12.22.2009

"The cave you fear to enter holds the treasure you seek." Joseph Campbell


"The cave you fear to enter holds the treasure you seek."  Joseph Campbell


Nearly every photographer I've ever met is afraid to approach strangers in public and ask permission to photograph them.  The few that were not afraid were most probably sociopathic.  So, how is it that some people are able to overcome this fear and take photographs of strangers in public?


They begin by confronting their fears.  You work up your courage.  You approach the situation with butterflies in your stomach and you ask.  And, surprisingly, most times the person smiles and says "yes."  They are flattered.  They are human. They are part of the continuum of humanity.




The more often you practice the better you are able to push down the fear until you nearly conquer it.  Then you move on to the next challenge.  The next fear.  Joseph Campbell says it better than I in one quick sentence.  


Consider this next time fear of a deadline, a meeting, a new way of doing something presents itself.  By pushing against the fear you may unlock doors of which you only dreamed.  Steven Pressfield, in his incredible book, The War of Art, basically says that resistance is stronger the closer you get to accomplishing your goals.




Happy Holidays!   Kirk



16 comments:

Alireza said...

It's very true. It might work and it might not, but if it does, it can be really rewarding!
And happy holidays to you!

DantePasquale said...

This is my usual method but my shots look more paparazzi than yours ;) I've found that in more 'controlled' settings, like the paddock at a sports car race, or an animal welfare event, that the common enjoyment of the surroundings makes people more approachable and actually *like* to have their picture made! It may be a better place to start rather than stopping people on the street(which I do anyway!)

David Ingram said...

Wow, cool post Kirk. Thanks, I thought I was the only one... Happy holidays to you too!

Anonymous said...

You are like a Zen priest. I fear I am being drawn into your sphere. And I like the way you use ellipses.

Paul said...

First, regarding taking pictures of people on the street, I have found that 90% of the time they are surprised/flattered and say yes. Second, I love the writings of Joseph Campbell! Great photo, Kirk!

Anonymous said...

A similar quote I like is "Procrastination is the fear of success"

Poagao said...

'Tis easier to ask for forgiveness than permission, as they say. I usually just shoot first and ask questions later. Sometimes you get the best of both (and, admittedly, sometimes you don't, but at least you have the first shot if they refuse).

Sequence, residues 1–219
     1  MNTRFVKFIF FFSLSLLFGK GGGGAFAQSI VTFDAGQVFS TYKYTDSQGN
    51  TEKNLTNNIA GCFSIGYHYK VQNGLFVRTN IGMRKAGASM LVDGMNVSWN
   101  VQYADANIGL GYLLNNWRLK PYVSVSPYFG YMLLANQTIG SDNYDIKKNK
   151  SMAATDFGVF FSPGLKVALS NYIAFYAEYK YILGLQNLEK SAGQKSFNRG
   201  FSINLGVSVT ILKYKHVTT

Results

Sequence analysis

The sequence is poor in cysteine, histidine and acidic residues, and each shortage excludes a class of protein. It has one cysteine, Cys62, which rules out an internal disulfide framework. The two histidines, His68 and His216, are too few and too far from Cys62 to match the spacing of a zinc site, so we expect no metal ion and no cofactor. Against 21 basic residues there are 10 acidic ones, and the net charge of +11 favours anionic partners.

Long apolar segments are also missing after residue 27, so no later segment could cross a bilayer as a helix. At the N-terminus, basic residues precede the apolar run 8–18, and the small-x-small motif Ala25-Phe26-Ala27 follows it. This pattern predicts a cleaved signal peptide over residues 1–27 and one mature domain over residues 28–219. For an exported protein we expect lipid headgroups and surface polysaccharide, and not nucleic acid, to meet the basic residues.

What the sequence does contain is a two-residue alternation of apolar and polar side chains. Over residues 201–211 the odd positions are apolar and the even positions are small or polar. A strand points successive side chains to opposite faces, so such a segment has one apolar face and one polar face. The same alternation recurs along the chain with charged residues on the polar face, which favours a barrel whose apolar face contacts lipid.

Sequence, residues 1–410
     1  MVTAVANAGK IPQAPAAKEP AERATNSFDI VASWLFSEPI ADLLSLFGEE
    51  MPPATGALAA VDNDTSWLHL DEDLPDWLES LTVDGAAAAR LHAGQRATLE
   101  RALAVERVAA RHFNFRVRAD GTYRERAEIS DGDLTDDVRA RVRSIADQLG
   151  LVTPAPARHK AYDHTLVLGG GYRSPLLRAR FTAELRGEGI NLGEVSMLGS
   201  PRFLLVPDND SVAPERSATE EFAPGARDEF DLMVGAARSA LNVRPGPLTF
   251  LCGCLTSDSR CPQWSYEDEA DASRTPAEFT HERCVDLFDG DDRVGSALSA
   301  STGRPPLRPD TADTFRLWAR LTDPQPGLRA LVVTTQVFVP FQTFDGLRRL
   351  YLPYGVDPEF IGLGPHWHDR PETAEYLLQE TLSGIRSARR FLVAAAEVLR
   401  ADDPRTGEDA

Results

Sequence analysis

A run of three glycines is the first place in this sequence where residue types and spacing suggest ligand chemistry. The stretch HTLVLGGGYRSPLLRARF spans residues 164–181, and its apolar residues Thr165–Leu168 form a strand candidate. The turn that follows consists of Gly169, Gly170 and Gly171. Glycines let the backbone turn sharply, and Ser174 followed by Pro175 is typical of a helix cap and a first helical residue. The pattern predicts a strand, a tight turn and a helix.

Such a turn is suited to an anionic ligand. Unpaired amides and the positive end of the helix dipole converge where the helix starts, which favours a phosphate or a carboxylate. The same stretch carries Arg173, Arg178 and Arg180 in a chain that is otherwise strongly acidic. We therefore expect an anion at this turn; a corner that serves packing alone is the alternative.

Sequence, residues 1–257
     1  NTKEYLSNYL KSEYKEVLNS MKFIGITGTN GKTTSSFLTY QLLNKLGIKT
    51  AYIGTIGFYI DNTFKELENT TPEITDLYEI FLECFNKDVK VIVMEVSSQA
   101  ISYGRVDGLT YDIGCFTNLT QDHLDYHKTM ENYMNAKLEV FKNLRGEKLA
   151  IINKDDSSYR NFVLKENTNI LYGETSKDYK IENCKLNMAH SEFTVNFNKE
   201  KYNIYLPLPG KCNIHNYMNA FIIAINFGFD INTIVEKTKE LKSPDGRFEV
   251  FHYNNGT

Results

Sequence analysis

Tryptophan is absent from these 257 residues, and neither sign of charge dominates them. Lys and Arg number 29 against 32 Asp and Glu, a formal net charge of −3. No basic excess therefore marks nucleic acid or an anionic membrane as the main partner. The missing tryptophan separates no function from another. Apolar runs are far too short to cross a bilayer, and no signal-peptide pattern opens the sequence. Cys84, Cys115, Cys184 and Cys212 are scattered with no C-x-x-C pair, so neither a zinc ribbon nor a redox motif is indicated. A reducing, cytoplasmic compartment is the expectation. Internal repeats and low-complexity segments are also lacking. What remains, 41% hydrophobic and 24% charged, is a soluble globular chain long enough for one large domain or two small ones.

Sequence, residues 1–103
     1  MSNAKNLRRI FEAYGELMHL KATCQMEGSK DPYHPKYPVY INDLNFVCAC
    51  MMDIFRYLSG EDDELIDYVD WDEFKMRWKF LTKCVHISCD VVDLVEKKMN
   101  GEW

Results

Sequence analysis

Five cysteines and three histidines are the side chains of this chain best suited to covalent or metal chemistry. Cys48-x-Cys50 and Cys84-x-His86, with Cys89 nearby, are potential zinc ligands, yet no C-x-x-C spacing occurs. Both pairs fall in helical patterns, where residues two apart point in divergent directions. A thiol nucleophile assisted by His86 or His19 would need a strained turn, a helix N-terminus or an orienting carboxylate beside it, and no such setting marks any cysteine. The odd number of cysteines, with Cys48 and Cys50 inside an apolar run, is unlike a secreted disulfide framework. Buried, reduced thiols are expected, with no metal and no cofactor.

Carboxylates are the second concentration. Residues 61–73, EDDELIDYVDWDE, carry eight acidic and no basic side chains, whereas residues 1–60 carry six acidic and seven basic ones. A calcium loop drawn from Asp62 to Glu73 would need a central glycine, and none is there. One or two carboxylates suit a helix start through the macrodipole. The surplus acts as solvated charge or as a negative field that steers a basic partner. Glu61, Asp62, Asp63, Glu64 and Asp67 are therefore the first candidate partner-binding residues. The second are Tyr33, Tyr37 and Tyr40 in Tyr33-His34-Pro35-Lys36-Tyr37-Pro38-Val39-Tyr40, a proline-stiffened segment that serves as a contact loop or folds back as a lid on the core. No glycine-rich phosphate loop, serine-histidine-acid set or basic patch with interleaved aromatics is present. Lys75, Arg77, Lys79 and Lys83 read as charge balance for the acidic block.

kirk tuck said...

Poagao,

Seems like that would be a good answer until you decide you want more than a quick, documentation of someone. The images that really hit you are the ones where there is some sort of collaboration or willing complicity between the photographer and the subject. For that you need to consciously and directly engage the other person. No free lunch. Even in photography....

Mike Mundy said...

Yes, but . . . if we start to talk about "Decisive Moment" pix, then I think the rationale is different. Quick and unposed.

I'm sure that HCB collaborated with some of his subjects, but I'd think that most of his more famous images were non-collaborative grab shots.

Anonymous said...

Great post as usual! What about model release? Have you ever ask for one doing street shooting?

BTW, already bought two of your books couple of weeks back. Christmas came early for me this year, you know ;-) It's just a token thank for your great blog along with Mike Johnston's as I check your and his feeds every time I open the browser.

kirk tuck said...

Yes, but Mike, we're talking about confronting fears and capturing decisive moment may be difficult but I'm not sure it inspires fear and resistance the way face to face encounters do. If that kind of photography moves you and that is what you practice you might consider the parts of photography or life that do inspire you to be afraid and perhaps look to them as a source of treasure.....

kirk tuck said...

When I walked through San Antonio's fabulous downtown with my camera yesterday I asked five people to pose for me. Three agreed and two declined. That's three more than I would have had if I never asked....

Stephen said...

I came here after I had already started this year's daily project, 365 portraits, no repeats. I've taken the liberty of quoting you.

Willing Complicity

Curt Schimmels said...

Nice article. I have to agree, I've had excellent luck when asking. A particular remembrance of this was a Summer day, here in Los Gatos, a few years ago. It was over 100, which is unusually hot for our area. There was a couple and their dog, where the couple were stretched out on a park bench, and the dog had exhausted the length of his leash ( a good 20 feet), in order to lay in the shade. It was such a perfect photo in my mind, so I asked their permission, and shot.

Nick David Wright said...

I worked for newspapers for almost 10 years, this was the thing I had the hardest part with. Walking up to complete strangers and asking for permission to shoot their pictures was always difficult for me, but I eventually got pretty good about it.

My problem now is that I don't work for anyone but myself (photographically speaking), so I can't preface my request with "I work for the local paper ..." And I find myself scared to ask all over again. Silly isn't it?

sofhispalis said...

What a beautifull girl. At least this time, would be interesting know the name of phtographed person...
Here in Brazil there's this approach fear too. But here people are more accessible in this aspect. Whenever I'm afraid in these and other situations, I remember that Joseph's phrase.
Great photo and text!